There’re already too many “The Way We Live Now” think-pieces associated with technology and the Internet Age, touting apps that allow us to broadcast our more unique bowel movements and raise money for Goonies 2, to instantaneously speculate about minutiae and global events with equal rigor. Everywhere, the culture is saturated like butcher paper with grandiose verbiage heralding the next new era in Tech, dripping with profit and optimism. With 1.2 billion Users, Mark Zuckerberg’s Facebook is the leviathan of the Information Superhighway. Marshall McLuhan claimed over 40 years ago that we were moving towards a “global village”- well, with the help of Mr. Zuckerberg, we blew past the village and created a web-based megalopolis. But we lose when we worship at the altar of Zuck.
Facebook, Inc. is just that- an incorporated Silicon Valley firm, with Zuck and Co. acting upon shareholder interests. When tasked with ascribing the platform a purpose, like any ubiquitous cloud-based intangible technology, the company’s PR department figures that the ubiquity of the brand trumps the need to risk any potentially divisive philosophy. Facebook continues the trend of ergonomic multi-platform tech entities by offering up a broad and amorphous Mission, probably thought over a game of ping pong or glow-in-the-dark mini-golf at the office’s Recreation Zone. Here’s Facebook’s most recent Mission Statement:
Founded in 2004, Facebook’s mission is to give people the power to share and make the world more open and connected. People use Facebook to stay connected with friends and family, to discover what’s going on in the world, and to share and express what matters to them.
It’s a big open sky of communication, the same azure hue as Facebook’s background color. Zuck said himself, “The question isn’t, ‘What do we want to know about people?’, It’s, ‘What do people want to tell about themselves?”. In a cascade of selfies, infinite terabytes of uploaded pictures and updates and Likes, we document our lives. A tidal wave crashing through darkened bedrooms lit by LCD screens, Facebook rips apart intimacy from the inside out, inverting conversations into pixel-drawn hypertext superimposed on a programmatic structure of tables and one-click buttons. Our corporeal bodies, beating hearts and misguided impulses, our doubts and fuck-ups, uncooperative hair and skin sensations, are erased at the altar of straight lines and HTML code. Like a mall, Facebook surrounds us with mirrors and clean surfaces, perfectly lined rows of friends, family, acquaintances, that one person you met when you were drunk at a party and never saw again. It twists our drive towards rationality into a collection of digital content. The most apt metaphor for this onslaught of self-rationalization is the Deepwater Horizon oil spill- it flowed relentlessly, mucking up natural beauty, injecting millions of gallons of man-made sludge daily into the world at a speed heretofore impossible without technology, a force too great to plug up. And we experienced it all through the media.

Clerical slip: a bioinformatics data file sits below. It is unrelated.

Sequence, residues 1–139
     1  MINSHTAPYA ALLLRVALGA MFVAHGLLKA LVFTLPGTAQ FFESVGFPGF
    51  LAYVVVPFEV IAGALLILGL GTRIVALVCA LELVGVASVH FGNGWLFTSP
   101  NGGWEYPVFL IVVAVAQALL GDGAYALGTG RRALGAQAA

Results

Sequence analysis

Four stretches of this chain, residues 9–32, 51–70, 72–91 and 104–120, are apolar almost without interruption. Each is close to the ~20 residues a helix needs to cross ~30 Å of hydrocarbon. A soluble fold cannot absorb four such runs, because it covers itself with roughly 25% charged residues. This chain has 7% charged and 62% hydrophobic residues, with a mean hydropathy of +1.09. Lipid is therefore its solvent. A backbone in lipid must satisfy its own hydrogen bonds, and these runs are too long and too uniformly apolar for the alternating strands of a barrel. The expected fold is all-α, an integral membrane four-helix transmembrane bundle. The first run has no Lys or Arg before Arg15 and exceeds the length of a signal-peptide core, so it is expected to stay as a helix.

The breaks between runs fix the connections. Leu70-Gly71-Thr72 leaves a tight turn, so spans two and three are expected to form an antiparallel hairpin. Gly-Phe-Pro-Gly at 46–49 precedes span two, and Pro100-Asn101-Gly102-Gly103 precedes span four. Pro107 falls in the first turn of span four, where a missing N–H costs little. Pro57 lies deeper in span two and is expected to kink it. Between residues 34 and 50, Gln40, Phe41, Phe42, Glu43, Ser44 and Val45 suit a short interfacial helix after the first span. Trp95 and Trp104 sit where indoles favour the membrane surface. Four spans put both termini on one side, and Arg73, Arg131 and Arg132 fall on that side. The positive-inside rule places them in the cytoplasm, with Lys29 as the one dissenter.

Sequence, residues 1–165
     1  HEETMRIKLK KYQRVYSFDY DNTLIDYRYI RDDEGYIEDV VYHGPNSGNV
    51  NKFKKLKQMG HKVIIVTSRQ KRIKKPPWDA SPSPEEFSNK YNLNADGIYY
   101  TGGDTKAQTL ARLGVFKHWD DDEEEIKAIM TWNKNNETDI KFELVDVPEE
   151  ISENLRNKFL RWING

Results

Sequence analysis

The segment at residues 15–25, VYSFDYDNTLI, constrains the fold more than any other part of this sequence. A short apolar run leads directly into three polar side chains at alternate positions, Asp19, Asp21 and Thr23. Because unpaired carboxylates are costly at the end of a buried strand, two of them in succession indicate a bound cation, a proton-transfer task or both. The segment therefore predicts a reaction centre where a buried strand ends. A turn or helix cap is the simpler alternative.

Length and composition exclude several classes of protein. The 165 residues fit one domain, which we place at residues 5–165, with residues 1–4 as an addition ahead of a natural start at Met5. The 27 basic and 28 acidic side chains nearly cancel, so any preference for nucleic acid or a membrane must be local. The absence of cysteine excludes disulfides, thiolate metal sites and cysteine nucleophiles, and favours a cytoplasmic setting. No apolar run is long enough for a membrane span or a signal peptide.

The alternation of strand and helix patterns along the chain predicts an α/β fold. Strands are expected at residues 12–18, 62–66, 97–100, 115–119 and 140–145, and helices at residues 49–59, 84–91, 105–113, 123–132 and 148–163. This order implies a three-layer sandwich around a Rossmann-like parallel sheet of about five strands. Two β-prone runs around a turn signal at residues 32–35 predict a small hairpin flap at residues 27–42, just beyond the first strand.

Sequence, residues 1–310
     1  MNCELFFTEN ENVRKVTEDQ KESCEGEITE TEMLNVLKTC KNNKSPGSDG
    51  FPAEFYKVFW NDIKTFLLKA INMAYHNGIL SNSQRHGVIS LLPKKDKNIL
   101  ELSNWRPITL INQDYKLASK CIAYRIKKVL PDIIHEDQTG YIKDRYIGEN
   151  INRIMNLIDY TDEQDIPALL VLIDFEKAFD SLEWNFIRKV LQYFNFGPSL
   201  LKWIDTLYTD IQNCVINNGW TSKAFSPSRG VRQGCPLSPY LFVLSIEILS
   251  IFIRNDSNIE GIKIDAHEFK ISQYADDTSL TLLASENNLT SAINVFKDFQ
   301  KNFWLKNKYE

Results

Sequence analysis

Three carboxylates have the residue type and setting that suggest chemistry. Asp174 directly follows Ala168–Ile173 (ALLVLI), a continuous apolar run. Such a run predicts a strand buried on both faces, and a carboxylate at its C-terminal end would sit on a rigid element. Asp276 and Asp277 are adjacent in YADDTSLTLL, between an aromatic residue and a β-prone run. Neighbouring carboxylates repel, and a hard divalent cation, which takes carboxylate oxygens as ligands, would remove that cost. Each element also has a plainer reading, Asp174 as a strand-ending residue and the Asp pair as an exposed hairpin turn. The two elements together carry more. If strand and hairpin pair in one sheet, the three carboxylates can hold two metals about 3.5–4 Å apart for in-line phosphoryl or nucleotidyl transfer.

We cast our updates off into the ether like model sailboats, watching as our comments float through the proper channels, rooting for our missives. In creating a marketable “personal brand”, we are complicit in what is certainly a dark point in late capitalism- turning both our public and private lives into pure commodity. To harken back to McLuhan, “the medium is the message”- so on Facebook, a social marketplace, we are both consumed and consumer. Through willfully touting ourselves as a collection of preferences and connections, we cede our right to a real, fluctuating self-hood.
It is more and more difficult for us to imagine the real, History, the depth of time, or three-dimensional space, just as before it was difficult, from our real world perspective, to imagine a virtual universe or the fourth dimension.
– Jean Baudrillard
It is this writer’s belief that the most significant and damaging aspect of the Facebook platform is the News Feed, which “updates a personalized list of news stories throughout the day, so you’ll know when Mark adds Britney Spears to his Favorites or when your crush is single again.” Since the dawn of time, human beings have been social creatures and there has been a proverbial “grapevine” of communication through which news (read: gossip et al) would spread. With the News Feed, Zuck and Co. have eliminated the need for real connectedness by replacing it with automatic, ever-shifting array of posts and updates from the farthest reaches of our social circles, bereft of any work on our part to actually risk potential discomfort by interacting with one another. In yet another part of our lives, we’ve ceded control to automation, algorithms, and the screen.
With the News Feed, we are engaged in a level of ambient awareness that has been proven to have deleterious psychological effects on our mood while also contributing to our general habit of social consumption rather than participation. Friends become morsels, their status updates, pokes and Likes akin to Nestle Dibs. It’s either an extension of the truth of existentialism, as if we’ve all finally settled on the fact that we’ll never truly know anyone else, or it’s a temporary illusion that we’re forced to live through until the system collapses and from the rubble, we realize what we’ve lost.